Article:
Institutional members access full text with Ovid®

Share this article on:

Practice Bulletin No. 163: Screening for Fetal Aneuploidy

doi: 10.1097/AOG.0000000000001406
Online College Publications
Practice Bulletins List of Titles

Prenatal genetic screening is designed to assess whether a patient is at increased risk of having a fetus affected by a genetic disorder. In contrast, prenatal genetic diagnostic testing is intended to determine, with as much certainty as possible, whether a specific genetic disorder or condition is present in the fetus. The purpose of prenatal screening for aneuploidy is to provide an assessment of the woman’s risk of carrying a fetus with one of the more common fetal aneuploidies. This is in contrast to prenatal diagnostic testing for genetic disorders, in which the fetal chromosomes are evaluated for the presence or absence of abnormalities in chromosome number, deletions, and duplications, or the fetal DNA is evaluated for specific genetic disorders. The wide variety of screening test options, each offering varying levels of information and accuracy, has resulted in the need for complex counseling by the health care provider and complex decision making by the patient. No one screening test is superior to other screening tests in all test characteristics. Each test has relative advantages and disadvantages. It is important that obstetrician–gynecologists and other obstetric care providers be prepared to discuss not only the risk of aneuploidy but also the benefits, risks, and limitations of available screening tests. Screening for aneuploidy should be an informed patient choice, with an underlying foundation of shared decision making that fits the patient’s clinical circumstances, values, interests, and goals.

The purpose of this Practice Bulletin is to provide current information regarding the available screening test options for fetal aneuploidy and to review their benefits, accuracy, and limitations. For information regarding prenatal diagnostic testing for genetic disorders, refer to Practice Bulletin No. 162, Prenatal Diagnostic Testing for Genetic Disorders.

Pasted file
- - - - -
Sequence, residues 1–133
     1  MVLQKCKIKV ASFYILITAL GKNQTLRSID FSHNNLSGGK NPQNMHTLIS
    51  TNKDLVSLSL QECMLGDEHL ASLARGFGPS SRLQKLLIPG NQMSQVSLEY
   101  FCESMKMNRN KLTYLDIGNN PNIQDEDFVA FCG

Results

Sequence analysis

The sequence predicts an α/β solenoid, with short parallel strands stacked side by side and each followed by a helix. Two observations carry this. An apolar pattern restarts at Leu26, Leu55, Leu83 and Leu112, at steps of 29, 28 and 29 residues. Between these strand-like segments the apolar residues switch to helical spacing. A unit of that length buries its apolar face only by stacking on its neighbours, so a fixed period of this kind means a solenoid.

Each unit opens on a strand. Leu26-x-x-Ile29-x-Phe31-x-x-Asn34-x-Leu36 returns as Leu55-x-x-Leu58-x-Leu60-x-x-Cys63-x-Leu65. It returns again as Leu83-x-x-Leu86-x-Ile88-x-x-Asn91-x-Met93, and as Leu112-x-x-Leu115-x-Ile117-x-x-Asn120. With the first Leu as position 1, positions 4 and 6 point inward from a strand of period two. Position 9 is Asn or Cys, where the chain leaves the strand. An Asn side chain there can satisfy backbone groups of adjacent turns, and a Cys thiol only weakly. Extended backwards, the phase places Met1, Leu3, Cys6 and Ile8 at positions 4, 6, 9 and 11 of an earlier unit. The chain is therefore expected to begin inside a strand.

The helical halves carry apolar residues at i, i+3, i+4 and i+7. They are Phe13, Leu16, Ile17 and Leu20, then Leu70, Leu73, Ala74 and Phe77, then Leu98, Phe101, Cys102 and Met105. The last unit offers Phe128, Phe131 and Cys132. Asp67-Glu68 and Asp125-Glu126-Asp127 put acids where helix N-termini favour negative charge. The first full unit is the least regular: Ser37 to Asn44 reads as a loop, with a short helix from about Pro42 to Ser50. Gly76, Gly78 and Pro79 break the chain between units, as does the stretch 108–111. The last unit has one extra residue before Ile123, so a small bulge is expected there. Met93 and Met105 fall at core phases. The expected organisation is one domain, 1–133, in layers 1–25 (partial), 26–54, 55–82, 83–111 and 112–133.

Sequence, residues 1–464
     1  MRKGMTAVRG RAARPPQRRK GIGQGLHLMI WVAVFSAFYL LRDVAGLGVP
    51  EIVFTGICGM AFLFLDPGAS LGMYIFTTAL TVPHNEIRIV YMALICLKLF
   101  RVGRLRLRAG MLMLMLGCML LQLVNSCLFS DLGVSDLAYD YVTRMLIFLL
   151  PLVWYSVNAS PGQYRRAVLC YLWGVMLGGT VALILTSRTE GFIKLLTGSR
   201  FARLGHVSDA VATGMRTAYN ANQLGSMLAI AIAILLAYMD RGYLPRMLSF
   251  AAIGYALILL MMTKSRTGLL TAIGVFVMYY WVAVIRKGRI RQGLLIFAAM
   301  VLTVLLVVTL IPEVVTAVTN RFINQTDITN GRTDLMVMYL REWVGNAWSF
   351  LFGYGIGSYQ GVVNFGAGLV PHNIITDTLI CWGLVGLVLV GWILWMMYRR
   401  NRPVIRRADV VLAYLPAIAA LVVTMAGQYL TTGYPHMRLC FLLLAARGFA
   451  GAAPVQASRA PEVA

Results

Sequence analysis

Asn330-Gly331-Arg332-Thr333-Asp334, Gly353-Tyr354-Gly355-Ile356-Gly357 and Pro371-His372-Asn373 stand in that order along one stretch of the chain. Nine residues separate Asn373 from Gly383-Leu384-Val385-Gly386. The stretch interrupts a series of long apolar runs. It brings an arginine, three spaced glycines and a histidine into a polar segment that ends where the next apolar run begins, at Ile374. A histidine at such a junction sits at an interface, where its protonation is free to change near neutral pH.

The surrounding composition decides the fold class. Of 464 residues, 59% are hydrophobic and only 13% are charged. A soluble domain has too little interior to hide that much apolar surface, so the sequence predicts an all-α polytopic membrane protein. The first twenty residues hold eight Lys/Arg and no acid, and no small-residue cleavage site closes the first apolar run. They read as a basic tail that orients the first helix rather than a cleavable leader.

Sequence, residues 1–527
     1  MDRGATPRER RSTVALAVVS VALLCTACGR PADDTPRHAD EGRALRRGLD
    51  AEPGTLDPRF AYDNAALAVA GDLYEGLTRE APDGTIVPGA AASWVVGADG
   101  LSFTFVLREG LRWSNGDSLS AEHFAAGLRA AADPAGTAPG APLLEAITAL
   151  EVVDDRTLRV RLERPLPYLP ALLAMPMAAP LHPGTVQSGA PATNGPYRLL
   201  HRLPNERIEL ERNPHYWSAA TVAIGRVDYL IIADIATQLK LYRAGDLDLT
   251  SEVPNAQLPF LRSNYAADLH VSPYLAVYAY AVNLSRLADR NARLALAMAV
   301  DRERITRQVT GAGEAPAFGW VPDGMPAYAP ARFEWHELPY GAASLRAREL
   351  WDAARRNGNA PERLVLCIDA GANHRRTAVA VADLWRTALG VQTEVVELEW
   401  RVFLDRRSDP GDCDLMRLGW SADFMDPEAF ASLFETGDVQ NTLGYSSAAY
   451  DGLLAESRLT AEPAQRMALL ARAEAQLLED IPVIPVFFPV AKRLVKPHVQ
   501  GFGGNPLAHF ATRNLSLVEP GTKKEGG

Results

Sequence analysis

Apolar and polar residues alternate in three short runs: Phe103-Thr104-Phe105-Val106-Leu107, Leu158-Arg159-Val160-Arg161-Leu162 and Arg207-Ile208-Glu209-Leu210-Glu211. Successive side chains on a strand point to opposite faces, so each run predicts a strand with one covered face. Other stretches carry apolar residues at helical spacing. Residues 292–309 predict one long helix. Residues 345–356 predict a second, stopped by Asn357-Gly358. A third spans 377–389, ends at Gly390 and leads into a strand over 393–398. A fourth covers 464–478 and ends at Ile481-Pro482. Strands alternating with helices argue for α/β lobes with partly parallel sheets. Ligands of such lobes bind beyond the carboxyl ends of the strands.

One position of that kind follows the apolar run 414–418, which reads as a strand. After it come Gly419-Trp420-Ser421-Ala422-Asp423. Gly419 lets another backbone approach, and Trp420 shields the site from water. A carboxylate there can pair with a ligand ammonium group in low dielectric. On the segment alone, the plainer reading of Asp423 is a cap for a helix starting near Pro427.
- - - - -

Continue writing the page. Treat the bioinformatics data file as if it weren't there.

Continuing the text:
Committee on Practice Bulletins—Obstetrics, Committee on Genetics, and Society for Maternal–Fetal Medicine. This Practice Bulletin was developed by the American College of Obstetricians and Gynecologists’ Committee on Practice Bulletins—Obstetrics, Committee on Genetics, and the Society for Maternal–Fetal Medicine in collaboration with Nancy C. Rose, MD and Brian M. Mercer, MD.

The information is designed to aid practitioners in making decisions about appropriate obstetric and gynecologic care. These guidelines should not be construed as dictating an exclusive course of treatment or procedure. Variations in practice may be warranted based on the needs of the individual patient, resources, and limitations unique to the institution or type of practice.

Copyright May 2016 by the American College of Obste-tricians and Gynecologists. All rights reserved. No part of this publication may be reproduced, stored in a retrieval system, posted on the Internet, or transmitted, in any form or by any means, electronic, mechanical, photocopying, recording, or otherwise, without prior written permission from the publisher.

Requests for authorization to make photocopies should be directed to Copyright Clearance Center, 222 Rosewood Drive, Danvers, MA 01923, (978) 750-8400.

The American College of Obstetricians and Gynecologists 409 12th Street, SW, PO Box 96920, Washington, DC 20090-6920

Screening for fetal aneuploidy. Practice Bulletin No. 163. American College of Obstetricians and Gynecologists. Obstet Gynecol 2016; 127:e123–37.

Received March 01, 2016

Accepted March 01, 2016

© 2016 by The American College of Obstetricians and Gynecologists. Published by Wolters Kluwer Health, Inc. All rights reserved.